Like most of his colleagues, Mike Suarez will soon be heading into his final year on the Tampa City Council—he’s term-limited in 2019.
But the 54-year-old West Tampa native and District 1 councilman is considered to be set on staying in city government once his term ends. How? By becoming the next mayor, succeeding a similarly term-limited Bob Buckhorn.
If Suarez does decide to run for mayor in 2019, it could be a crowded field, with former County Commissioner Ed Turanchik, former Police Chief Jane Castor, philanthropist David Straz and fellow councilman Harry Cohen all possibly being in the mix.
With that election still more than 14 months away, however, there wasn’t any discussion of future ambitions when Suarez addressed a crowd gathered at the Oxford Exchange for Café Con Tampa on Friday morning.
Instead the talk focused primarily on quality of life in the city’s neighborhoods, particularly transportation.
“Most of our lives are spent about three miles in radius to our own homes,” he said. “That sense of community, that sense of place, is something that we need to continue to do.”
But Suarez was dismissive of an announcement Thursday by Republican lawmakers Jamie Grant and Dana Young about a bill that could provide millions of dollars to the area for non-rail related projects.
“In their mind, the only technology that matters is autonomous vehicle, and some other things,” Suarez said. “I think we need to be a more efficient and smarter city, we have to invest in those things that deal with how we get around, where we have to park, and using technology to make it easier for us.”
He said he wants to encourage efforts with city engineers to make Tampa a more walkable city, saying transpiration is ultimately about “the freedom that you have.”
And that’s only possible with more information that city officials can provide, he added: “That’s much less expensive … than try to invest in an argument about which is the best investment.”
Tampa has a sorry reputation when it comes to the safety of pedestrians and bicyclists. And Suarez said that reputation is well deserved.
“Almost everywhere you go it’s extremely dangerous to walk. That’s ridiculous,” he said. “And that’s why when we talk about transportation, we talk about large projects … we need to do things like make our sidewalks better, and wider, and easier to walk.”
Suarez said he was OK with reducing the speed limit on Bayshore Boulevard from 40 mph to 35, but says there needs to be more enforcement since many motorists go well above the current speed limit everyday.
Suarez was asked by several in the audience about affordable housing. He said he hoped to “convince” developers into building more affordable units, something he said has not been a focus at City Hall, and wished that those developers would consult with Council as much as they do the mayor in bringing their projects to City Hall.
Like so many local officials in Florida, Suarez took his turn at lambasting the Florida Legislature for eviscerating the now quaint concept of “home rule” in the Sunshine State.
“The Legislature keeps taking more and more and more of your rights as a citizen of this city away from you,” he said, arguing that it wasn’t about taking power away from local lawmakers but from the citizenry.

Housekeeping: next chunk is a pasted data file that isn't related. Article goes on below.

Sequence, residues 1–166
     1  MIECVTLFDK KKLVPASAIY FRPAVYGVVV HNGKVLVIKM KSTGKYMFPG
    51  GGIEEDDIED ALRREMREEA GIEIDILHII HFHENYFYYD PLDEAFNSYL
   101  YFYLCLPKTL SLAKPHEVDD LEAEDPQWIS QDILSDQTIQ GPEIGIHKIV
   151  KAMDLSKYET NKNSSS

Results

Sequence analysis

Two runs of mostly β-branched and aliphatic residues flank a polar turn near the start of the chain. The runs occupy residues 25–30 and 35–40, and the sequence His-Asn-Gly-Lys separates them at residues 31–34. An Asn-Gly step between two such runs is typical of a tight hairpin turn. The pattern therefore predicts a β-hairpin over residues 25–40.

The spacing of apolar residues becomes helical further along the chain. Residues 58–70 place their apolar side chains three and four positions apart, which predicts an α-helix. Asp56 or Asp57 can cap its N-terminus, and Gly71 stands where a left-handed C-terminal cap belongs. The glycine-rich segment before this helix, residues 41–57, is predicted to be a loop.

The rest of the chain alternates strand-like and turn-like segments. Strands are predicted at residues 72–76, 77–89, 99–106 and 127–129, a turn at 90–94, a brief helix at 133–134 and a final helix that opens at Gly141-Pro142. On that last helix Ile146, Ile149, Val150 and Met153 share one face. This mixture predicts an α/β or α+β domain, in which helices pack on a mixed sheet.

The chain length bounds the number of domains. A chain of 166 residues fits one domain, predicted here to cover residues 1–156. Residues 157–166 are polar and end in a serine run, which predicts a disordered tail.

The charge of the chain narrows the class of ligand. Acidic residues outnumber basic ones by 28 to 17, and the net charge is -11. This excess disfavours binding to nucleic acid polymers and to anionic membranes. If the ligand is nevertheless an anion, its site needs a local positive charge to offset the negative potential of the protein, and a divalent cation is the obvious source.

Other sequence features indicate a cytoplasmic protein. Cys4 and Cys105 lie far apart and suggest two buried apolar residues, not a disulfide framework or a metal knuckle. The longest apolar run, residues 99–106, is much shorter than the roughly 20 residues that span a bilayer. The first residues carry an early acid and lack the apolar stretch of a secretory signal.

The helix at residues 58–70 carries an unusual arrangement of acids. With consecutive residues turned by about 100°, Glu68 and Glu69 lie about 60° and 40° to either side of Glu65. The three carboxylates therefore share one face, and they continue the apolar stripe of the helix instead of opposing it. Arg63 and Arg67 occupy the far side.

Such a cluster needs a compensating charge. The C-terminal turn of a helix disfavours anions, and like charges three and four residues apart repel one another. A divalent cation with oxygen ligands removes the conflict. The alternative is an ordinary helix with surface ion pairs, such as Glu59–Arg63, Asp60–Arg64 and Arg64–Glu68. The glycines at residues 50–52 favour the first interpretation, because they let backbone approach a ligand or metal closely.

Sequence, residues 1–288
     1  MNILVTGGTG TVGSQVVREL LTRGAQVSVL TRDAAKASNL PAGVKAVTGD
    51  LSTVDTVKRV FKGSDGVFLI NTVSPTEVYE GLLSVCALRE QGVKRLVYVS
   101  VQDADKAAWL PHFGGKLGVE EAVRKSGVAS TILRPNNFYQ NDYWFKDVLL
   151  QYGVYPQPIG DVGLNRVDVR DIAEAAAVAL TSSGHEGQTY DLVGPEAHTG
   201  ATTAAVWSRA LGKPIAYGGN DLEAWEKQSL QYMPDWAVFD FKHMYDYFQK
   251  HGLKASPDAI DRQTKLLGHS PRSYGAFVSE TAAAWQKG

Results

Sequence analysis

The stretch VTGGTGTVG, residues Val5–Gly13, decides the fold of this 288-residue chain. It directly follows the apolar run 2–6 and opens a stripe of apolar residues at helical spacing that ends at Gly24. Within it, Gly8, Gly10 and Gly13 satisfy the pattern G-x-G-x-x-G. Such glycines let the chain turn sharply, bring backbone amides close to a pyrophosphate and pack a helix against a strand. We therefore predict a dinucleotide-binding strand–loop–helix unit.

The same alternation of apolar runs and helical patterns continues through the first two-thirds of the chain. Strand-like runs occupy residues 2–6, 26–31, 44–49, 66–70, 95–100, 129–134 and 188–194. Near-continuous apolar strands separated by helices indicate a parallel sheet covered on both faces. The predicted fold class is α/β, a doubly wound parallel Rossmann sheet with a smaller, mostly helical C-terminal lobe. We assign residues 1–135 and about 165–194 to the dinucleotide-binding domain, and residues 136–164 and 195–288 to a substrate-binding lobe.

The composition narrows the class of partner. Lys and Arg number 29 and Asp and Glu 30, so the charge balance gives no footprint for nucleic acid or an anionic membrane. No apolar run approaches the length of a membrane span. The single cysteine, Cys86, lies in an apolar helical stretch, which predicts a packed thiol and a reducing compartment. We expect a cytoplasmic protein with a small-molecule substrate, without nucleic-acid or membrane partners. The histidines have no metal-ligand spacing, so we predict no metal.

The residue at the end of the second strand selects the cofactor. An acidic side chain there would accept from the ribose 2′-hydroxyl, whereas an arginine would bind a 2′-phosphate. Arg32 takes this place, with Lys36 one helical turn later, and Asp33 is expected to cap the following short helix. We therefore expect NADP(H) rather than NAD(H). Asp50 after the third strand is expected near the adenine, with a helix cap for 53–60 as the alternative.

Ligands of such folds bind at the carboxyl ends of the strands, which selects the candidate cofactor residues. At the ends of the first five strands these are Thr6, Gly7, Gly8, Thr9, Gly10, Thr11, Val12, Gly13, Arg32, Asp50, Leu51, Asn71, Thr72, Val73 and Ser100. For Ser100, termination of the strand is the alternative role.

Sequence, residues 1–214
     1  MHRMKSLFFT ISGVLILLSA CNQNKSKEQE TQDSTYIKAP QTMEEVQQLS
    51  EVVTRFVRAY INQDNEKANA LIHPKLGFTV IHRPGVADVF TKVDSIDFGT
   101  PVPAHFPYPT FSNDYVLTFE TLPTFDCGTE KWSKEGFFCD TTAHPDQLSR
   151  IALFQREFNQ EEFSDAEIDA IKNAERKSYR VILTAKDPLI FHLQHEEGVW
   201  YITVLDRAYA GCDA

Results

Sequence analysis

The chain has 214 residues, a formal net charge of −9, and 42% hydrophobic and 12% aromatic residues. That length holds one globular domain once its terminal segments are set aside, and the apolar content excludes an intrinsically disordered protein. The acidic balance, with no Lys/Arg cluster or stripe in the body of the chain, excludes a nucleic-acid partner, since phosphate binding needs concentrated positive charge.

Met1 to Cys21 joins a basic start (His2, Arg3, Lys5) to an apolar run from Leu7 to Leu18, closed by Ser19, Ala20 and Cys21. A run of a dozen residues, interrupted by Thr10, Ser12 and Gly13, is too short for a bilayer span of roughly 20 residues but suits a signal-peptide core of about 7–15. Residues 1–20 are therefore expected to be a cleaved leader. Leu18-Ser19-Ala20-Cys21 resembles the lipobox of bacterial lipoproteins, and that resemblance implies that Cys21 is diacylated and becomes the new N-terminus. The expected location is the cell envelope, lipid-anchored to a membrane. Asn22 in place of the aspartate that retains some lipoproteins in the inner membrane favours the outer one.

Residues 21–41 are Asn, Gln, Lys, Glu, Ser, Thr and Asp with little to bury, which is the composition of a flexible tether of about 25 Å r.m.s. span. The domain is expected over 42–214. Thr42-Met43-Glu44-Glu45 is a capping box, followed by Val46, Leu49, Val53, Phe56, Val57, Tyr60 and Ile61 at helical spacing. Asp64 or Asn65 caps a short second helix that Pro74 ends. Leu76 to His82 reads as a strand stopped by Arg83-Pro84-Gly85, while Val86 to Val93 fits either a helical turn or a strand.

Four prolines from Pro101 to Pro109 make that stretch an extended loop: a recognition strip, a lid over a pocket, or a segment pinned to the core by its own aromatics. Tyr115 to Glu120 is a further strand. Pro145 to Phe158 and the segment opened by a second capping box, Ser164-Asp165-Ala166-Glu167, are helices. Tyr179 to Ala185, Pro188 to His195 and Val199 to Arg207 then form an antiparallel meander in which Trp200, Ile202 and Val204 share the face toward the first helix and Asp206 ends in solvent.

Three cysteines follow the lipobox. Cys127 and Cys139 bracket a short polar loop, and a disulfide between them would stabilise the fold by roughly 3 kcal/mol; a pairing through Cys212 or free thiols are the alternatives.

The most recent source of the City Council’s angst towards Tallahassee is legislation passed during the 2017 Session that pre-empts the city’s authority to regulate where new 5G wireless antennas will be placed.
“Any people living along the Bayshore? Watch out. Look at what happens. You’re going to see some of these things pop (up) over the next few years,” referring to the antennas, which can be as big as a kitchen refrigerator.
Recently two members of Council visited Cuba, something that’s become a regular occurrence between parts of the business and political establishment over the past five years or so.
Suarez, a Cuban-American, has been resistant; as recently as last month he challenged Chair Yolie Capin to say whether members on the most recent trip had met with dissidents (they did not).
Admitting he’s been bashed in certain quarters for his Cold War attitude (shared by Mayor Buckhorn), Suarez didn’t seem eager to get too deep into the topic.
“To me, we spend a little too much time on that and not enough time on what our issues are here,” he said, adding,”If they want to talk about Cuba, I think that they should talk to their elected officials.”
In answering a question about funding the arts, Suarez said he didn’t agree with the Buckhorn administration’s decision to cut funding for entities like the Tampa Museum of Art and the Straz Center for the Performing Arts (all nonprofits took a 10 percent “haircut” in the budget).
“I didn’t understand that,” Suarez said, referring to the budget that raises taxes for the first time in 29 years. He said that the majority of that increase was going to personnel in the city’s Parks and Recreation Department.
When asked about Jeff Vinik’s Water Street Tampa mega-development, Suarez mused—while acknowledging that he had no inside information—that Vinik’s team is having a difficult time luring a major company to relocate their headquarters there.
That’s because of what audience member Cathy James said was “stagnant wages, not enough affordable housing and horrible public transportation.”
He did applaud Vinik for making the project more walkable, and said he hoped Vinik would invest some of his own capital into local transportation projects to make the $3 billion project a success.